The Butler County Board of Elections plans to recommend the county purchase one of the two Dominion voting systems — with a preference toward the direct-recording electronic (DRE) system.
Board members met for nearly three hours Monday morning to hone the proposal they plan to submit to the Butler County Commission. The board will meet once more in February before presenting its recommendation to the commissioners the first week of March, said Deputy Director Eric Corbin, who is assembling the proposal.
While the board will make a recommendation for each type of voting system, it is anticipated it will prefer the DRE system because that’s what the county has used since 2005. Board members said it will eliminate re-educating voters and poll workers on a new system, and it would eliminate human errors which can occur when dealing with paper ballots.
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“I think the move is going with this (electronic voting) system, getting away from (paper) ballots, is that 90 percent of our issues are on paper ballots — whether it’s the absentees or the provisionals, or those types of things,” said board member Chris Wunnenberg. “The human involvement in those is what our concerns are.”
Ohio allocated $114.5 million to local boards of elections for new voting equipment, and Butler County will receive $3.2 million. However, Butler County would be responsible for any costs above that allocation. Based on the county’s need — and depending on which of the five state-approved vendors the board chooses — it’s likely the new voting machines will cost more than the state’s allocation.
Board members looked into purchasing and lease options, but on Monday they were dissatisfied with Dominion’s lease option.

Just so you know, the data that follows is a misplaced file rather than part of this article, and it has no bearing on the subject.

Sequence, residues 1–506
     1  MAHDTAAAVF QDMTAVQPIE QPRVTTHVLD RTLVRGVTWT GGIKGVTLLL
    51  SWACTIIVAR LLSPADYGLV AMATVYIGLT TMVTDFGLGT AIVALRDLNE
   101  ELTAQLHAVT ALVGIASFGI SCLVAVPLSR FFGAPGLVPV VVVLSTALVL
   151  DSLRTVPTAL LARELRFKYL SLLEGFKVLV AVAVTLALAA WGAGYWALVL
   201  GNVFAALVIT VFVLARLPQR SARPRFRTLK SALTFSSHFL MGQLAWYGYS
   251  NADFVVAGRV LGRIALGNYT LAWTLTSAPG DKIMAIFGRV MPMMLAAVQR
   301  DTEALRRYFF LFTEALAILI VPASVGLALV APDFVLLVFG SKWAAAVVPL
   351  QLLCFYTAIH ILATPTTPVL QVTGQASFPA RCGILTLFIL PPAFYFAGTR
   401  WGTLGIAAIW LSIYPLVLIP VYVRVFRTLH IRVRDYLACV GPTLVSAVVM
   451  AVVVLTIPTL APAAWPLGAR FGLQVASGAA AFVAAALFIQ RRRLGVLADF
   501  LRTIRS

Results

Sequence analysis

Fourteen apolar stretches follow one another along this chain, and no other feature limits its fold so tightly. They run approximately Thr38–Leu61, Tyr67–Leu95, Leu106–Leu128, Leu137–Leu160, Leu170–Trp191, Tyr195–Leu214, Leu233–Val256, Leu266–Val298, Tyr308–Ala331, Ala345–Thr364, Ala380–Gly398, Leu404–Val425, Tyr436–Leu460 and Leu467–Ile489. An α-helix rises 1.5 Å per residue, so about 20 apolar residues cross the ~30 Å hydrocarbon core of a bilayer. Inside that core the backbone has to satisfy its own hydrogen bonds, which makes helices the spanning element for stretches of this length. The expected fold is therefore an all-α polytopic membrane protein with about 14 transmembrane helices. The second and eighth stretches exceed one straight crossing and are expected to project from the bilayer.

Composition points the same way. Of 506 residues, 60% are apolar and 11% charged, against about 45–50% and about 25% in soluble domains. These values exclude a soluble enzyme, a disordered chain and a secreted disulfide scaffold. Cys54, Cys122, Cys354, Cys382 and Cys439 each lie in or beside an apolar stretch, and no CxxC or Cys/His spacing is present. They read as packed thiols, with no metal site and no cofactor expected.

The board is planning to spread out the cost of the voting machine system over 10 years. Taxpayers would be on the hook for just under $5.19 million if the county goes with Dominion’s electronic voting system, and just under $3.1 million for its paper voting system. Both prices do not include the $3.2 million state payment.
The county must decide by the spring on a system in order to receive the new machines by July so staff can test and customize the machines to the election office’s protocols for the November 2019 general election. The Ohio Secretary of State’s office last year required any board of elections considering purchasing new equipment have it in place for this year’s general election. Otherwise, boards of elections are not allowed to buy new voting machines until 2021.
The state contract prices are good until 2023.
RELATED: Butler County doing deep dive on new voting machines (December 2018)
The faith in Butler County’s 2005-purchased machines is waning among the county elections office’s information technology staff, officials said. The elections board’s database administrator, Jay Klein, wrote several years ago to the two election directors that his confidence level with the system “is decreasing” as machines frequently break down.
The Butler County Board of Elections owns about 1,600 machines but typically uses between 1,200 and 1,300 in any given election, depending on the number of registered voters. Ohio law requires one voting machine for every 175 registered voters. Butler County, as of the November 2018 election, has 254,748 registered voters.
The board hopes to present a clear message to commissioners when making its recommendation.
“I think in fairness, when we go to the commissioners, we need to say, ‘Here are our concerns,’” said elections board member Mariann Penska.
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